The Sacred Stone Circles of Stanton Drew
The village of Stanton Drew in north Somerset is host to a remarkable group of ancient monuments which together comprise the third largest collection of standing stones in England. The Great Circle, the largest of its three stone circles, encloses an area of 2000 square metres, exceeding the dimensions of Stonehenge. It was once approached by an avenue of standing stones, now lost. A smaller Southwest circle is aligned to The Quoit and The Cove nearby. Recent archaeology has revealed evidence of a substantial woodhenge at Stanton Drew, underlining its importance as a major ritual centre of the Neolithic age.
Gordon Strong, author of Stanton Drew and its Ancient Stone Circles and a regular lecturer on the subject, has spent many years exploring this fascinating site on multiple levels. In this book he presents the available archaeological detail along with local folklore and the testimonies of various commentators, from 18th century antiquarians to modern dowsing surveys, discussing ritual, mediumship, earth energies and mythology. He also gives his own observations and insights gleaned from his “long love-affair” with the site, interpreted through the Western esoteric tradition and British Mysteries. Most importantly, he offers the visitor some clues for making their own inner connection to this unique monument which still vibrates with ancient magic.
The Rollright Ritual
William G. Gray
In the early 1970s the redoubtable old occultist William G. Gray bicycled from his Gloucestershire home to the Rollright stone circle in Oxfordshire on a clear and full-mooned summer night. The visionary experiences he encountered on that night and in other similar visits resulted in the writing of this book, originally published by Helios Books in 1975 and now a classic among pagan and craft traditions. The text of the ritual is given in full, along with a discussion of its pattern and purpose.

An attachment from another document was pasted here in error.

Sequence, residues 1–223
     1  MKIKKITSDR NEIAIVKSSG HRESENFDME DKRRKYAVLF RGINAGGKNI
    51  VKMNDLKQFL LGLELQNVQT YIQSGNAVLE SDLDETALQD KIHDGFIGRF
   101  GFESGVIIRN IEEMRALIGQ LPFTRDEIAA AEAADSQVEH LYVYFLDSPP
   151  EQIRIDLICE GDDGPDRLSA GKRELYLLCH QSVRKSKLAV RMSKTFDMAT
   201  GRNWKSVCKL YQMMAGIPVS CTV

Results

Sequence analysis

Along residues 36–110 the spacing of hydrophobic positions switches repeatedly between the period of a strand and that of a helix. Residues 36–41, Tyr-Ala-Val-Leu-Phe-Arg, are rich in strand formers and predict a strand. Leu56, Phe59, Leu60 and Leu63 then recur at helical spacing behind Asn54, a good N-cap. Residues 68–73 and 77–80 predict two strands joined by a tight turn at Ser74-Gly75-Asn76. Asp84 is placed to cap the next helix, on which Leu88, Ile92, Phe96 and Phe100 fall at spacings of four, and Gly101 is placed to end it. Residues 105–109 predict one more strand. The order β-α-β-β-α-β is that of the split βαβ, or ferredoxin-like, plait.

The Rollright Ritual is a powerful initiatory rite for attuning oneself to a personal and communal path of spiritual growth, presented here with an explanatory text and a discussion of the spiritual lives and practices of the stone circle builders of Great Britain.
“Somehow, we ought to get away from ideas that a Standing Stone is only an outworn sign of our past, and see it as an upraised Finger of Fate beckoning us ahead toward our future. The Stone is not merely a memorial of bygone beliefs, but a pointer that should raise our highest hopes of finding faith in all the Life that lies ahead of us.”
William G. Gray is a well established author of many books on Qabalah and ritual magic. He also worked with many practitioners of magic and witchcraft including Gareth Knight, R.J. Stewart, Marian Green, Doreen Valiente, Pat Crowther and Robert Cochrane, in whose memory The Rollright Ritual was written.
Awen: the Quest of the Celtic Mysteries
It was the Celtic bards who laid down the foundation of inner wisdom that has come down to us as Arthurian legend, passing their traditions to the Arthurian romancers of the 12th and 13th centuries. Thus the Celts provide an immediate bridge that leads to a very ancient world. Focusing on the Brythonic Celtic material and the “Taliesin” cult whose lineage preserved the mysteries through the Mabinogion and other texts, Awen: the Quest of the Celtic Mysteries reveals the sources of the British sacred tradition right back to the Neolithic and Bronze Ages, and, as some believe, further back still to even more ancient sources.